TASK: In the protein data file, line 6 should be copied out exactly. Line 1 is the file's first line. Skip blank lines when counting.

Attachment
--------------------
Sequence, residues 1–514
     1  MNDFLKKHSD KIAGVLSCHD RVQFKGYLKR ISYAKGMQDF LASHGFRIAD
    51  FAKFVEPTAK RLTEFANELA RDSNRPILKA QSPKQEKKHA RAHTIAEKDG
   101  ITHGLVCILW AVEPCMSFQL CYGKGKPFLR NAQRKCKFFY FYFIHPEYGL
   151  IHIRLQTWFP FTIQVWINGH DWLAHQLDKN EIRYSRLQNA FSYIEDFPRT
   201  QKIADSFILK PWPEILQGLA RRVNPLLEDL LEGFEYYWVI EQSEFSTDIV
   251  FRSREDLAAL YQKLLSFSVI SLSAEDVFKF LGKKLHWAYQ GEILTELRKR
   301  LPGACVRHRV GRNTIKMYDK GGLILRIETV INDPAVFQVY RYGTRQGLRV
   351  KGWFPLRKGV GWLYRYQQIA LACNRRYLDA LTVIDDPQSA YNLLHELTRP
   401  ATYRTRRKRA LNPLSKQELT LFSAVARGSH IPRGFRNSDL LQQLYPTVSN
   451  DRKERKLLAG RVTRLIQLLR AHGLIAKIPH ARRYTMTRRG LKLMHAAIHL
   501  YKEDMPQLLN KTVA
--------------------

   201  QKIADSFILK PWPEILQGLA RRVNPLLEDL LEGFEYYWVI EQSEFSTDIV